About Hirsch Cohen
Rabbi Zvi Hirsch Cohen was born in 1862 in Lithuania and received his rabbinical ordination in Vilna and Volozhin. He was dean of the Canadian Rabbinate and president of the Montreal Council of Orthodox Rabbis; opened the first session of Canadian Jewish Congress with a prayer in 1919; founder of Jewish Community Council of Montreal (Va'ad Ha'ir) and Talmud Torah School; active in Mizrachi organization of Orthodox Zionists; served on executive of Federation of Jewish Philanthropies; author of many learned articles on religion. He died in 1950. Source
Maggid of Montreal: Rabbi Hirsch Cohen by Steven Lapidus - Abstract
Tzvi Hirsch Cohen was one of those pioneering eastern European clergy who immigrated to North America in the early twentieth century. So many others stayed put. His goal was to provide a foundation for traditional Judaism in the New World, which he sought to fulfill while serving for decades as Montreal’s first Chief Rabbi.
In his speeches, sermons, and writings, Cohen considered how to merge his traditionalist eastern European values and customs with the social mores of democratic and egalitarian Canada. He found particularly vexing the multiple roles rabbis in the New World were called upon to play. In Europe, rabbis were specialized. Some were preachers, others halakhic experts.
Cohen viewed the two as being in a state of perennial tension, and he had great difficulty seeing how one rabbi could function as both. Using himself as an example, Cohen’s description of his internal struggles offers a glimpse into the challenges rabbis in the immigrant Orthodox community in early twentieth century Canada had to face. Source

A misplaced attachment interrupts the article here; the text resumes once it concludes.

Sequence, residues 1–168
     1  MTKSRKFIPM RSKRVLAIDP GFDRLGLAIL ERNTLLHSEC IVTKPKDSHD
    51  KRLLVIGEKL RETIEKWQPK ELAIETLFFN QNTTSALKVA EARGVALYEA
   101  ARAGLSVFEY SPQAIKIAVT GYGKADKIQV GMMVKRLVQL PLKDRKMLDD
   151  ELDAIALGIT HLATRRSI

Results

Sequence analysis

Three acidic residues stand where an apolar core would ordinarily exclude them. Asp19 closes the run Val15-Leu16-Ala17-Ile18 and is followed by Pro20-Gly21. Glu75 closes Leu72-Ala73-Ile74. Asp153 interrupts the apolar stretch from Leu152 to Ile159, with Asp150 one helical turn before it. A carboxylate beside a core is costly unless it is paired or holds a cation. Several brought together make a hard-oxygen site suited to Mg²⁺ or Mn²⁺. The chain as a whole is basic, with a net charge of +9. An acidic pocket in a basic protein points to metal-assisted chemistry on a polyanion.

Rabbi Zvi Hirsh Cohen, dean of the Canadian rabbinate and president of the Montreal Council of Orthodox Rabbis who died on Friday at the age of 90, took place here yesterday. A native of Lithuania, Rabbi Cohen came to Canada in 1889 and was one of the first organizers of the Canadian Jewish Congress. He opened the first session of the C.J.C. in 1919 with a benediction.
Rabbi Cohen also played a leading role in the organization of what is now the United Talmud Torahs of Montreal. In World War I he formed the Central War Relief Committee, which aided many war victims both in Europe and Palestine. In the early 1920′s he instituted this city’s Kashruth-control system. He also founded and presided over the Jewish Arbitration Court here for many years. Source